That in turn, heralded another change. Instead of being a part time web designer, content creators were taking on the role of marketers, and full time administrators of their personal brand. Fine of course if you have the luxury of a social media manager who can take care of your self-promotion, leaving you to focus on whatever it is you do. But solo content creators usually do not have that luxury. So when creatives are spending more time maintaining their personal brand, and less on creative or artistic output, something’s clearly not right.

How is anyone meant to bring forth quality work, when they’re thinking only of self-promotion? No doubt some are managing, but many would be struggling. But personal branding overkill is only part of the problem. The returns for content creators aren’t what they used to be.

Publishing advances for authors have decreased, as have royalty payments for musicians. This is partly a supply matter. With so many artists and content creators vying for audience attention, some are going to be overlooked. Musicians also have to contend with the algorithms on the music streaming services. If their work isn’t put on high-rotation, few ears are going to hear it. And recent changes to the way Spotify makes royalty payments is only going to make matters worse. To be eligible to receive a royalty, a track must be listened to at least one thousand times a year.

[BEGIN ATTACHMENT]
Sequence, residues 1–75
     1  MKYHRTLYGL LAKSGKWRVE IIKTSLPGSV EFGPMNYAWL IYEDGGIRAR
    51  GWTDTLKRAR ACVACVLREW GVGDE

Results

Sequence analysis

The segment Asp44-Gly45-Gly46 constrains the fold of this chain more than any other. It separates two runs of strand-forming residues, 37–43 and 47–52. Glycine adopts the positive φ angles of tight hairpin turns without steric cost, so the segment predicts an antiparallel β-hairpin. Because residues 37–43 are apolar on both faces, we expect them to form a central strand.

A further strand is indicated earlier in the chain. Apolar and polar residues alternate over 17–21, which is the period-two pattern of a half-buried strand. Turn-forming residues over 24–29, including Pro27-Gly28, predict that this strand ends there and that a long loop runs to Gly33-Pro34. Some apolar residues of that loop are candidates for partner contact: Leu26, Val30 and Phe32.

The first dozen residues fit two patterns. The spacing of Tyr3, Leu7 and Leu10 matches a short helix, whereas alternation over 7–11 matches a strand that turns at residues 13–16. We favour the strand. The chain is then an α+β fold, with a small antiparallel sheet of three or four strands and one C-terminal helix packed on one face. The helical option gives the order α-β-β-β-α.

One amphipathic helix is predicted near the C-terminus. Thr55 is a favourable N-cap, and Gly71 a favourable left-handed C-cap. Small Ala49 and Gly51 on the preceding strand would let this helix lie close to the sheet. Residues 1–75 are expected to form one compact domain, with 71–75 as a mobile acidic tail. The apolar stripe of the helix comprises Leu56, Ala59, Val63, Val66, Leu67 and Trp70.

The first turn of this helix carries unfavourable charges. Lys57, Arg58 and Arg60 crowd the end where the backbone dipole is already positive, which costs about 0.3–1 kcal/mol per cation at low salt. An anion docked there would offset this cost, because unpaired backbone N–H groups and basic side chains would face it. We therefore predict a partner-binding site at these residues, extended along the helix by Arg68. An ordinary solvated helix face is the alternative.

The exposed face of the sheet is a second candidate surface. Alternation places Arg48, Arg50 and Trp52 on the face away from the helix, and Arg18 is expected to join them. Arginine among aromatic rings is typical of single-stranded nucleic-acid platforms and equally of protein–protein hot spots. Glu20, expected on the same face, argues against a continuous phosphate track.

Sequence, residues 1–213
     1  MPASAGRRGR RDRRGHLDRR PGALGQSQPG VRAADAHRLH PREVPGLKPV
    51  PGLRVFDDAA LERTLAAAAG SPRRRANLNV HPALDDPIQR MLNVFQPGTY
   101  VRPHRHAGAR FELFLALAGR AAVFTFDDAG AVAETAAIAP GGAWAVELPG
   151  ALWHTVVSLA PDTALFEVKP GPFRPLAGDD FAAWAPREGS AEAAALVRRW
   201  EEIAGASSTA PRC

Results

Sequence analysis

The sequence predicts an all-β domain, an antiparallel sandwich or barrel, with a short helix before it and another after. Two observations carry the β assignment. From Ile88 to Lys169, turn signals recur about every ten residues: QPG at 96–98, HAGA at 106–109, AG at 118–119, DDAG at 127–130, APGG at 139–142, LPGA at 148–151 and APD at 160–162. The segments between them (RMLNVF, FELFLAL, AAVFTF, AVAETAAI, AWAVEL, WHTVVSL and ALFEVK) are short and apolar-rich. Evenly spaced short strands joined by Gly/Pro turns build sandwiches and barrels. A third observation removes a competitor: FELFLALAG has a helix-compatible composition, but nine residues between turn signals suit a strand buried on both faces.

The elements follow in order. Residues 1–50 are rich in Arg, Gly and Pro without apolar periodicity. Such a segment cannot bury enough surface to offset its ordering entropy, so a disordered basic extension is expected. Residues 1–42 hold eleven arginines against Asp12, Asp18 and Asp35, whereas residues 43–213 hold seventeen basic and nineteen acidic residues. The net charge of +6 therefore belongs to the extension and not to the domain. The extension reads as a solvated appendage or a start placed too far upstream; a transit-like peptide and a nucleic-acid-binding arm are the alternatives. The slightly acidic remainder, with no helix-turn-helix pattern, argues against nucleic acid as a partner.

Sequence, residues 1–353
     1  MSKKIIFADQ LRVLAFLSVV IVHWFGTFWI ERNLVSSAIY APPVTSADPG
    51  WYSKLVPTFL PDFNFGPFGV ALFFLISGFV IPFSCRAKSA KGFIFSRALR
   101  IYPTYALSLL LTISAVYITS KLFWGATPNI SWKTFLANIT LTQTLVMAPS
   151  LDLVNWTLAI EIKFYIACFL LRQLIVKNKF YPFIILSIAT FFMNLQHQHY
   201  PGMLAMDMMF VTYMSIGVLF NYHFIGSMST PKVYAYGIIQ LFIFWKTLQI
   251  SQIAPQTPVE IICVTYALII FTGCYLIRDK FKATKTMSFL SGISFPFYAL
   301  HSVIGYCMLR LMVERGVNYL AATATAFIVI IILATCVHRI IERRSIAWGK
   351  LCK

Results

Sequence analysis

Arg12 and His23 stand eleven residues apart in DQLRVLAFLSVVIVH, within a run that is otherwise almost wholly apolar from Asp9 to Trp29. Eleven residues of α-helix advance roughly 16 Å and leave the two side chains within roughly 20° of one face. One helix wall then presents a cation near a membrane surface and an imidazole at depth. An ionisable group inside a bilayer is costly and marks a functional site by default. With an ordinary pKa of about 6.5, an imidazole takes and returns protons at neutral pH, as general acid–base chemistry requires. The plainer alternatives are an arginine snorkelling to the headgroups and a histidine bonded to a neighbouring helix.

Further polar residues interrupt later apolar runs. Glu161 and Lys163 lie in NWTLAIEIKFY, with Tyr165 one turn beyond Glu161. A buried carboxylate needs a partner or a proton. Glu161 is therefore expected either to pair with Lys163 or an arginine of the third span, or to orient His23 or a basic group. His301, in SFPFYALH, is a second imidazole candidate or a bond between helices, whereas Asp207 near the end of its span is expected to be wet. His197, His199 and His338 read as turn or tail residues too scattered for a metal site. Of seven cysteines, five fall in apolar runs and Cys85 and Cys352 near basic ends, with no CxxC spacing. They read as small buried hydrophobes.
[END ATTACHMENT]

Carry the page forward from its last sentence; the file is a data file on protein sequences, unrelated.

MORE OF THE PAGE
What an appalling, and sad, state of affairs, one far, far, removed from the almost utopic cyberspace realm the self-publishers of the late 1990’s envisaged. Certainly the problems are easy to identify, but the solutions are going to be little more elusive. In the meantime, perhaps some consolation can be taken form the artists themselves. I like to think they’ll come through this. They’re survivors; they’re used to doing it tough. Not that anyone should be using that to their advantage.


, , ,